As a feminist biography however, this text raises the vexed question of critical distance between biographer and subject. Faith Bandler sought out Marilyn Lake to write her biography. While Lake is an excellent choice – she had just completed Getting Equal. The History of Australian Feminism in the Twentieth Century (Allen & Unwin 1999), and clearly saw the importance of Faith Bandler’s role in the struggle for political change in the post World War II era – she often appears to let important aspects of Bandler’s political experiences slide off the critical screen.
Lake acknowledges that as a feminist historian, she saw the biography as a joint project ‘a product of our ongoing discussions about politics and society, gender and race’ (p.viii). This may be so, but Faith Bandler had already published her own history of the Referendum campaign and two novels about her family, and had thus provided the reader with insights into her character, beliefs and ways of acting politically. I had hoped that Lake’s biography would have interrogated these aspects not only from a feminist perspective, but from a more critical distance. I got the impression however, that Bandler was unwilling to allow Lake do this.
For example, Lake provides some very interesting cases of paternalist behaviour towards Bandler and Pearl Gibbs by particular men in the AAF and FCAAATSI in the 1950s and the 1960s. Was this behaviour common in these kinds of organizations at the time or were they specific to these particular men? How did this paternalism shape Faith Bandler’s political behaviour? I had expected that Lake, a feminist historian sensitive to the intersections of gender and race in this period, would have provided some important insights on these cases. I suspect that Bandler did not want her to do so.
I was also surprised by the absence of an account of Faith Bandler’s involvement in the main feminist organization in Sydney in the 1970s – Women’s Electoral Lobby (WEL). Here, she met and influenced a vast number of politically active women who in turn provided her with the emotional support to write her books. What was the relationship between Faith Bandler’s feminism as defined by Jessie Street and the new generation of feminists in the 1970s? Bandler had a sustained correspondence with at least three key women in WEL in this period that could have provided Lake with material to explore Bandler’s responses to second wave feminism. But I get the impression that Bandler did not want Lake to do this.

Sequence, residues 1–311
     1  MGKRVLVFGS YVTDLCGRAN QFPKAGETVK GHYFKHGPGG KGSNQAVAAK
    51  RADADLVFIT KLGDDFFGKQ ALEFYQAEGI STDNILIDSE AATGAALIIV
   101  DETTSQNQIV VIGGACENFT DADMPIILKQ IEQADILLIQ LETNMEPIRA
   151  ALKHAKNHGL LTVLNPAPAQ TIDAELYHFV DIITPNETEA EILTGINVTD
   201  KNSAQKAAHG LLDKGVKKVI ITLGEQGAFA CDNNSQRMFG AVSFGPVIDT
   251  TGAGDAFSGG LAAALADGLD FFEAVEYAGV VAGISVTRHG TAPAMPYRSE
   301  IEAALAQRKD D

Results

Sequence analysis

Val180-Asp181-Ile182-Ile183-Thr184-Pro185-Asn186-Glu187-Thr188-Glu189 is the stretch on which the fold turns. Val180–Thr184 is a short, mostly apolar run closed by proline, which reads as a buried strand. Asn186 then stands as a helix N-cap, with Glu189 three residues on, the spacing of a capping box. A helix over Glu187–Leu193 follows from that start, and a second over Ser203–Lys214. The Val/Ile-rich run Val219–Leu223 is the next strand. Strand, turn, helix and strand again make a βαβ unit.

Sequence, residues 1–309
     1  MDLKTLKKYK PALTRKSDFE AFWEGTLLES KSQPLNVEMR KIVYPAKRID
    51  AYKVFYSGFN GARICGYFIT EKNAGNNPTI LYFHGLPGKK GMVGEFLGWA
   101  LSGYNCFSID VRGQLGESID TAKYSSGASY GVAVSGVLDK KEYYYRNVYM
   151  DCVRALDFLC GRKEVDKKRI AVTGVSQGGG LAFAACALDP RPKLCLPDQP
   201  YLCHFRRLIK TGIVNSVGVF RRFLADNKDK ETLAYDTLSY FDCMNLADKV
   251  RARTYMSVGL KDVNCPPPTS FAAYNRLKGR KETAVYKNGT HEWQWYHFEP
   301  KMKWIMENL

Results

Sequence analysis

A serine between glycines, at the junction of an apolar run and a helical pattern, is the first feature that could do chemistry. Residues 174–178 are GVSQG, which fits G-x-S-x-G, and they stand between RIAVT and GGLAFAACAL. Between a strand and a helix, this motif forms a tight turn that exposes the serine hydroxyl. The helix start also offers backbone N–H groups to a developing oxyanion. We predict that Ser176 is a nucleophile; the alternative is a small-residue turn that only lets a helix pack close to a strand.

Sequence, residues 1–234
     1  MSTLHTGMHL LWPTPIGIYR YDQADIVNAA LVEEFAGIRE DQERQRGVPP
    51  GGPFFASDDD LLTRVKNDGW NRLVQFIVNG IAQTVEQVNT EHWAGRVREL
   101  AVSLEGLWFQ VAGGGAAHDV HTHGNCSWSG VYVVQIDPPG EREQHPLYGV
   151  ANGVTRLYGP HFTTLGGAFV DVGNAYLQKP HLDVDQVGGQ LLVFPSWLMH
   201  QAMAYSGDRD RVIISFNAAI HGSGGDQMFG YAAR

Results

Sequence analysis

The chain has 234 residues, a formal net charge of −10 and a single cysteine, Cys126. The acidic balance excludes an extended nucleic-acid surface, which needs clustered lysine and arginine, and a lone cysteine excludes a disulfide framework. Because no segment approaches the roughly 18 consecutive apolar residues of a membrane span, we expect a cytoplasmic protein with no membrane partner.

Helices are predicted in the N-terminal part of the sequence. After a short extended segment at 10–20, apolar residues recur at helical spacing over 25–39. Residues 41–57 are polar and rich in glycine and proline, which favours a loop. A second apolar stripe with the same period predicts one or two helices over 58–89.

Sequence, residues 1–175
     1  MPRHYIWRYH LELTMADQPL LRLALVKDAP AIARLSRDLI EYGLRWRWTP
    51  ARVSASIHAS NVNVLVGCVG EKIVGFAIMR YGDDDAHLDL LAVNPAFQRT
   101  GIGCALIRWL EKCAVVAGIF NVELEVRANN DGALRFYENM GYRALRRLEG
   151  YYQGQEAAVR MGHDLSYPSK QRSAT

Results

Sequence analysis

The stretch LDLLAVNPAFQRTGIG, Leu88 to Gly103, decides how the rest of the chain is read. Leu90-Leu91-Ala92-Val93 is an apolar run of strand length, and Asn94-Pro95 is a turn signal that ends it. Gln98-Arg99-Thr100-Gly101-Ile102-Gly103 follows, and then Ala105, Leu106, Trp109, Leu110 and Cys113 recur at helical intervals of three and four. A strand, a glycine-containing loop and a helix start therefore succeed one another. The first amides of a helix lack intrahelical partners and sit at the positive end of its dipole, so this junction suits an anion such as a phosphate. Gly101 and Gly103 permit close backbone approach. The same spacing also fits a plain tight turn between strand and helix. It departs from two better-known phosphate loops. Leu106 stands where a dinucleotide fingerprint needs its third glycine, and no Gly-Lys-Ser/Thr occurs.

Despite these concerns, Lake’s strategy of representing her subject within an insider/outsider framework enables her to show how Faith Bandler crossed the boundaries of race and class to become a politically active woman at a time when most white middle-class Australian women were homemakers and bastians of conservatism in the Menzies era. She also shows how Faith Bandler continued her activism in new ways, after being sidelined by Black Power. These are the great strengths of the book.
Above all Lake has produced an engaging biography where the character and personality of Faith Bandler glows on nearly every page. How many Australian women of her generation radiate her special kind of charisma and genuine warmth? My women’s studies students certainly see her as a role model for a better future. Her enormous optimism masked self-doubt and uncertainty. But like all leaders of social change she considered the intended outcomes more important than the process. Marilyn Lake shows how Faith Bandler got emotionally burnt on several occasions but learned to overcome despair and disappointment with an inner strength and belief that Australia could be made a better place. Right now, we could all do with a dose of her optimism.
Lyndall Ryan is Professor of Australian Studies at the University of Newcastle and is currently writing a biography of her mother, Edna Ryan (1904-1997), feminist and labour activist.
Faith Bandler, Gentle Activist by Marilyn Lake was published by Allen and Unwin in 2002.